The new controller will come with every PS3. It uses Bluetooth technology for wireless control, but can be plugged in using a USB cord. The controller also includes a tilt control, meaning that, for example, the fighter jet in the upcoming Warhawk can be moved around by tilting the controller left and right, forward and backward. But it's not a total motion sensor like the Nintendo Wii remote.

Sony demonstrated a new high-definition version of its popular Gran Turismo auto-racing game franchise, a ninja fighting game called Heavenly Sword and Metal Gear Solid 4: Guns of the Patriots, due in 2007.

Xbox, Windows network together

Microsoft has a unique challenge at this year's E3. The company released its Xbox 360 last November, giving that console a one-year head start on Sony and Nintendo. Microsoft predicts there will be 10 million Xbox 360 owners and 160 games for it by the time PS3 and Wii come out.

But without a new console to launch, Microsoft had to do something to get some attention.

Bill Gates hosted the company's news conference in Grauman's Chinese Theatre, and showcased two new games for the Xbox 360: Halo 3, the third and reportedly last instalment of the console's most popular series, and Gears of War, a futuristic shooter that pits the player against nasty creatures from the centre of the Earth called the Locust Horde.

The latter features some intense and realistic combat (Locust Horde notwithstanding). A firefight during the game's demonstration actually severed the hand of one of the characters, eliciting enthusiastic applause from the audience.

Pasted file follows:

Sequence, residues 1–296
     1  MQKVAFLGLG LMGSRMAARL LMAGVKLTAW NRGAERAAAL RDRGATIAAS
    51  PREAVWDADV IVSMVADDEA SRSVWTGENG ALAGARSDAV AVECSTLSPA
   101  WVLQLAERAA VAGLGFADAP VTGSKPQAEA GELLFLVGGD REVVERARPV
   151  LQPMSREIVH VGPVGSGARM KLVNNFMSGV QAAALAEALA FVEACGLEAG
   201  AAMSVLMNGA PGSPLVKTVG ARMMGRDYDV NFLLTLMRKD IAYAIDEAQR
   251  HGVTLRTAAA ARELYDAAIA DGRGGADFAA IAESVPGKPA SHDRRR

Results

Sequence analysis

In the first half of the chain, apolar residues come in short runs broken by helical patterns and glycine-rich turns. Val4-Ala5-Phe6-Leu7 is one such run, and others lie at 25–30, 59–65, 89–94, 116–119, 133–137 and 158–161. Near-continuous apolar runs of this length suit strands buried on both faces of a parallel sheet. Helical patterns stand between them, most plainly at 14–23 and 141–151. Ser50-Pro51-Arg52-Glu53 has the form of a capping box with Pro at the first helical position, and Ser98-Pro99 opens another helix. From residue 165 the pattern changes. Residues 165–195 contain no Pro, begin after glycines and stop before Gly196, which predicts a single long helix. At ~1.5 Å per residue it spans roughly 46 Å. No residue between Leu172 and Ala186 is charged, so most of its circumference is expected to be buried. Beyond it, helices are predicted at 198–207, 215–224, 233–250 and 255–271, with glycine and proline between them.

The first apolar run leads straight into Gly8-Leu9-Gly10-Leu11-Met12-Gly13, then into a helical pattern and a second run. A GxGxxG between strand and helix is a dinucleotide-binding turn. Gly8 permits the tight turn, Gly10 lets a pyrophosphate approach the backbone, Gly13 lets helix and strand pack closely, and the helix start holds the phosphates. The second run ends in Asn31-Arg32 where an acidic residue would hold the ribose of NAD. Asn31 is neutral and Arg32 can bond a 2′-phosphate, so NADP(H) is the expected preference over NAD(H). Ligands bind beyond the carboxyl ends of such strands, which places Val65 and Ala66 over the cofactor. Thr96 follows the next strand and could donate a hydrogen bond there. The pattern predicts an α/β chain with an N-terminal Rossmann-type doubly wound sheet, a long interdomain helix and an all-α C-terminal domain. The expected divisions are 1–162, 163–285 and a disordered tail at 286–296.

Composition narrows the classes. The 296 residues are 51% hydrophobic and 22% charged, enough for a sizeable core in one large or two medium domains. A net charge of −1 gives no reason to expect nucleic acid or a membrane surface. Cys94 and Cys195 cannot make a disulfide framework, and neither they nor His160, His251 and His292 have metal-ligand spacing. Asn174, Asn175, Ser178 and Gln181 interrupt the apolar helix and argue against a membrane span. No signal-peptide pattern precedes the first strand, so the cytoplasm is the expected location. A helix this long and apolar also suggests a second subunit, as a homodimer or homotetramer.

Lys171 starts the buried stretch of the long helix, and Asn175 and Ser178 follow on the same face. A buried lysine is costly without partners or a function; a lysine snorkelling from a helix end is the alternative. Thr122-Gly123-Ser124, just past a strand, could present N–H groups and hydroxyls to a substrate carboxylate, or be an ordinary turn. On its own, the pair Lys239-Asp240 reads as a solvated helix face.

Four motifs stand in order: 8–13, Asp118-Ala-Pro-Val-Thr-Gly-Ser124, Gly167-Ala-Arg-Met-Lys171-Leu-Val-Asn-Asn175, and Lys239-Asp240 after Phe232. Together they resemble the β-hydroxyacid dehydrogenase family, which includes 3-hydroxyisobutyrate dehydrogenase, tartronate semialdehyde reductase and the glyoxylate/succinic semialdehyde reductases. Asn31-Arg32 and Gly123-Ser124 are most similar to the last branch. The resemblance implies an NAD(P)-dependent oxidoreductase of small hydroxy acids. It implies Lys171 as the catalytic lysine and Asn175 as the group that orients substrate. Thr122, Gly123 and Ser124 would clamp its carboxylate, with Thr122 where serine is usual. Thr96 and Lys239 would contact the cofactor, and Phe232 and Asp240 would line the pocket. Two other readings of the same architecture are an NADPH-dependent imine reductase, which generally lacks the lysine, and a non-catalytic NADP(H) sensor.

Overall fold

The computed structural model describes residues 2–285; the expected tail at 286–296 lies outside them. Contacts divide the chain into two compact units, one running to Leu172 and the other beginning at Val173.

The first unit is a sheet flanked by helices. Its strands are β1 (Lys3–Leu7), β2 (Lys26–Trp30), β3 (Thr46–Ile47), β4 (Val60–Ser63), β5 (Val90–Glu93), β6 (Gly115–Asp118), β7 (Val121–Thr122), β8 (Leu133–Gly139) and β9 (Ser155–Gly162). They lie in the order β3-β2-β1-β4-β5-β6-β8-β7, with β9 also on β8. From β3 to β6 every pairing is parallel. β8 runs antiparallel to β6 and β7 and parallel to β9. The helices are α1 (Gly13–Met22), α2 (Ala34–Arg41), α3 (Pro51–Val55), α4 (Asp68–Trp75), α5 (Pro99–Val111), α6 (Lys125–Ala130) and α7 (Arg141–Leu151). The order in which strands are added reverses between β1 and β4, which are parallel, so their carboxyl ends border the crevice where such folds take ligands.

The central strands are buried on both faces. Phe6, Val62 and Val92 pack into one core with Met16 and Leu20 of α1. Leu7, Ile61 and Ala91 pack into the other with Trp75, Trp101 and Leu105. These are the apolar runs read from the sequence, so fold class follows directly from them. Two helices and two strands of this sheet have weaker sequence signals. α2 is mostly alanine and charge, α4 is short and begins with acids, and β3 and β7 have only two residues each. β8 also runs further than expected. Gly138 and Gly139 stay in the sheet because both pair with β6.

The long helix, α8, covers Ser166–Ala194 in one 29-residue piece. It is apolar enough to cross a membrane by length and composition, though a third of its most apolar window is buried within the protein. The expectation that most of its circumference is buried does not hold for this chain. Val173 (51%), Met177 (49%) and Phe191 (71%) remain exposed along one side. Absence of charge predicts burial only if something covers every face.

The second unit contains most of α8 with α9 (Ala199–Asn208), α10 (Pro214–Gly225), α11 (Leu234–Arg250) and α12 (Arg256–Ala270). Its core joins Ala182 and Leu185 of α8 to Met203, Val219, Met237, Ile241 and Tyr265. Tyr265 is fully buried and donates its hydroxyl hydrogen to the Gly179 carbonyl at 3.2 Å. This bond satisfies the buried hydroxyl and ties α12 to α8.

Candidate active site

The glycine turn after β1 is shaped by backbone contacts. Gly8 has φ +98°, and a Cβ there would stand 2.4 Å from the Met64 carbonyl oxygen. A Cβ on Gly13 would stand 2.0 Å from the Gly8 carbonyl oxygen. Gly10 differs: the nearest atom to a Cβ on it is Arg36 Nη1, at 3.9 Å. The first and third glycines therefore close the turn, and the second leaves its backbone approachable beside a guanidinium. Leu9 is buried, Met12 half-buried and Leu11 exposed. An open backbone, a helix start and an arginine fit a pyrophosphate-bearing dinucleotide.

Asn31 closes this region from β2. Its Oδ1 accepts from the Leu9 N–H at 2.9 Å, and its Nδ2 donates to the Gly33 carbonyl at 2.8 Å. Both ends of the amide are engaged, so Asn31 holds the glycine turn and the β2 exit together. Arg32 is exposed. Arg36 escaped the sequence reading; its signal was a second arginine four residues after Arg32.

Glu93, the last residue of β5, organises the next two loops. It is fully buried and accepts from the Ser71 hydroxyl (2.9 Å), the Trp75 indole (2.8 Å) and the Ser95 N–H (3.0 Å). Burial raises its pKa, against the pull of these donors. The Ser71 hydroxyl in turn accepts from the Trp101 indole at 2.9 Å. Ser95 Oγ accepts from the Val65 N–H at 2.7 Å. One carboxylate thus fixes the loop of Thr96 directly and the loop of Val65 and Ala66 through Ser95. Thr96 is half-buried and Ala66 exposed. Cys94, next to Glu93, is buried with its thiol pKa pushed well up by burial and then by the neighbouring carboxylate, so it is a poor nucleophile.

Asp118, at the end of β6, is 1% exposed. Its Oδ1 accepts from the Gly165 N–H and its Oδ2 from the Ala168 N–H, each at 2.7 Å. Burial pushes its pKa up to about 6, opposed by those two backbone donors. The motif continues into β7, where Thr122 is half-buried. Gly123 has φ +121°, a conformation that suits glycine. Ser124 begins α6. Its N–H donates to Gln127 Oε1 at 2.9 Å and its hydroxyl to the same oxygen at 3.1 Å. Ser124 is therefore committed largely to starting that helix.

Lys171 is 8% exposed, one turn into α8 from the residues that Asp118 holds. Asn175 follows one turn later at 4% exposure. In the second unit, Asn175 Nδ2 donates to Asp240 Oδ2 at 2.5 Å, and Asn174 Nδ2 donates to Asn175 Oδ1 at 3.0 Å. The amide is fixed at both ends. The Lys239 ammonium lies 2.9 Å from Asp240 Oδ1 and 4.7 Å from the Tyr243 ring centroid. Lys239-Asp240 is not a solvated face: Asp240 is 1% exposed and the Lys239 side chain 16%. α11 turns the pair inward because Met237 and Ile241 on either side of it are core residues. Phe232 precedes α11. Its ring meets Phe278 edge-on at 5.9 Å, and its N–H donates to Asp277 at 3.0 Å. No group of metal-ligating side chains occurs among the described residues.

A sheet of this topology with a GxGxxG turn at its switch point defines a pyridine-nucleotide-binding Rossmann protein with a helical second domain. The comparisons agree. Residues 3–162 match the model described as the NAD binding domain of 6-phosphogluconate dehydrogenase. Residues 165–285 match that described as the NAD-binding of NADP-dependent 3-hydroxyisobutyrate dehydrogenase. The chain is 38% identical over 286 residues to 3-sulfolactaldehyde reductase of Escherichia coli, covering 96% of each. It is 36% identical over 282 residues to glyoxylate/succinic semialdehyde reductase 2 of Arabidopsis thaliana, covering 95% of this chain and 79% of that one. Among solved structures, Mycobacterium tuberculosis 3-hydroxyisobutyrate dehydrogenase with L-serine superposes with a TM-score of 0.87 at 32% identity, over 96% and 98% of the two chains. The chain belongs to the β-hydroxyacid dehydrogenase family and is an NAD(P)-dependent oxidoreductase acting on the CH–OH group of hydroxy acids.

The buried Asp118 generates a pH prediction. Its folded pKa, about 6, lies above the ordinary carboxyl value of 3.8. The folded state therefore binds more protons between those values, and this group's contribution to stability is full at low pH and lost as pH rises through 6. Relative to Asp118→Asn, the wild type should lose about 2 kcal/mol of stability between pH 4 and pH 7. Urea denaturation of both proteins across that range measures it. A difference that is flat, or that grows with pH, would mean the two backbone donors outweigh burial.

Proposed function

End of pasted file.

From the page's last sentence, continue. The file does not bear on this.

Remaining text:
Gears of War is predicted to be released as the same time as the PS3 and Wii, to steal a bit of their thunder, while Halo 3 will be available in 2007.

Gates also announced a new gaming network called Live Anywhere, which will allow gamers on different systems to interact and play together. While Microsoft's current service, Xbox Live, allows users of the Xbox 360 to play against each other over a network for $9 a month, Live Anywhere will also include players using cellphones and Microsoft's upcoming PC operating system, Windows Vista.

Microsoft also announced some new hardware for the 360, including a wireless driving wheel with a headset (presumably so you can tell off the guy who just cut you off in Need for Speed) and an add-on HD DVD player for playing movies using the new high-def format.

Microsoft's adoption of HD DVD puts it, again, in the opposite camp from Sony, which is embracing Blu-ray for high-def movies on the PS3 and on its upcoming stand-alone DVD players.